Executive Secretary talks to Kemetia Foley, Chapter President of the IAAP Old Town Alexandria Chapter in the US about the importance of membership organisations like hers and how she keeps motivated.
Can we start with a little background information? Where are you from?
Originally I’m from Framingham, Massachusetts but I have lived in the Washington DC Metro area for most of my adult life.
What is your background?
I joined the ranks of administrative professionals in 1990. I hold a Bachelor of Science, Business Administration from the University of Mary Washington (formerly Mary Washington College) in Fredericksburg, Virginia. I am also a Certified Administrative Professional and obtained my rating 2007.
What is your current role?
I am the Finance and Customer Service Coordinator, American Staffing Association in Alexandria, Virginia.
The IAAP is the world’s largest membership organisation for assistants. You are President of the Old Town Alexandria Chapter? How did this come about?
Interestingly, Old Town Alexandria Chapter (OTAC) is my second run at being a Chapter President in IAAP. My family moved back to Washington DC in 2003 and I ended up joining the Capital Chapter – a very strong chapter in Washington DC. I was asked to take on a committee role by the then Chapter President. Once I became comfortable working with the Chapter Officers on that particular project, they asked me to consider running for an officer position for the next program year. Each Chapter Officer has specific responsibilities spelled out in the chapter bylaws. For each successive year I served as an officer, I was able to take on and learn new responsibilities. Eventually, I worked up to running for Chapter President for Capital. Unfortunately, 5 months into my term, my employer moved the company to another region and I stepped down from my leadership position to try to regain employment.
When I finally landed my position with American Staffing Association located in Alexandria, Virginia, I reached out to the chapter contact. As it happened, the chapter did not have a candidate for Chapter President that year. OTAC had only been chartered for a few years when I joined. I was extremely grateful that a few experienced members of IAAP transferred into OTAC and helped build the chapter membership and programs up in two short years. My term ends this June 30 as our bylaws state that you can serve no more than two terms as President. I am excited about mentoring our chapter members into leadership roles.
Tell us a bit about the IAAP.
I love IAAP. IAAP is a member-based organization that focuses on providing professional development content for administrative professionals. They offer a certification exam twice a year, the Certified Administrative Professional Exam, and also two specialty designations. I suspect, as with most associations with a large membership pool, it has to address the wide variance of needs for all of its members. The benefit of IAAP having chapters and divisions is that it allows the local leaders to adjust the educational programming and scheduling to what works best for that region. Professional development and networking are the two most important benefits of being an IAAP member. IAAP has played a huge role in my development as a career administrative professional and provided me with a wide-reaching resource network.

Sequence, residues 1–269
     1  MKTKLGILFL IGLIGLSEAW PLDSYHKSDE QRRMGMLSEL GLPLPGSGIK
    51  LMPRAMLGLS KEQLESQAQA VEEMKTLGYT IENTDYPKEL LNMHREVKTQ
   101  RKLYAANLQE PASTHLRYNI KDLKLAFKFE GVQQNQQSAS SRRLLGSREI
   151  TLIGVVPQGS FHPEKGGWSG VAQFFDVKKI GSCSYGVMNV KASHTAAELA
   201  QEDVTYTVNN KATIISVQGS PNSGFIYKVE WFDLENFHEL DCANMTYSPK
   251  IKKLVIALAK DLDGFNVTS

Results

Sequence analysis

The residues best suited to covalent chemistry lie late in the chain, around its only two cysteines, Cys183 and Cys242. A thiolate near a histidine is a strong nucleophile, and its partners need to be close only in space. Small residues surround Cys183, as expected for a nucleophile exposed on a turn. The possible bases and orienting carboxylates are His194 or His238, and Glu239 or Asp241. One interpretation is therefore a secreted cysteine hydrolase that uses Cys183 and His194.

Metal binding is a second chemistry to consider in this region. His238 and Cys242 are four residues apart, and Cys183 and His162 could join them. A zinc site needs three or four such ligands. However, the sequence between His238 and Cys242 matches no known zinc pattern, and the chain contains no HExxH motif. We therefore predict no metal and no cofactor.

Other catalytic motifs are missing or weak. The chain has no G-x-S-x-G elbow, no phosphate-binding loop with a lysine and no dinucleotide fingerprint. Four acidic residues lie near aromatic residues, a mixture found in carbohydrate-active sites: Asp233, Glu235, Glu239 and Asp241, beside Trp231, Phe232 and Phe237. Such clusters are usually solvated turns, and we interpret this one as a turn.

Also, members get an opportunity to learn leadership skills through taking on committee or officer roles. It is impressive to put on a resume that you have been part of a team that has written a set of governance bylaws or served as Committee Chair for professional development programs. Employers notice the personal investment of time in your career choice. That is certainly true for all career fields.
What inspires and motivates you?
I am inspired by people I know that have had to be extremely tenacious about pursuing their goals. They know it takes time and continuous effort and they just keep working on it! They face setbacks and disruptions, but they regroup and go right back at it. I think it is easy for people to want to throw in the towel and not do the work, but the reward of accomplishment is the best feeling!
My other inspiration is music. I love almost every kind of music. There is nothing that can change a mood faster (well, other than chocolate). Music is a great rudder to steer my attitude – especially early in the morning on my commute to work.
What do you think are the biggest challenges facing administration professionals currently?
• Being caught up/hung up on professional titles
Employers generally do not distinguish between Administrative Assistant/Executive Assistant/Coordinator titles. It does not seem to be a priority to them. The key is to cover your job description and some. They are focused on your level of delivery. Are you consistent? Are you reliable? Do you go above and beyond expectations? If you should still be concerned regarding your title, address it at your annual review. Be sure to have the documentation to back your case. If you approach your position as a professional consistently, then you will be acknowledged as one.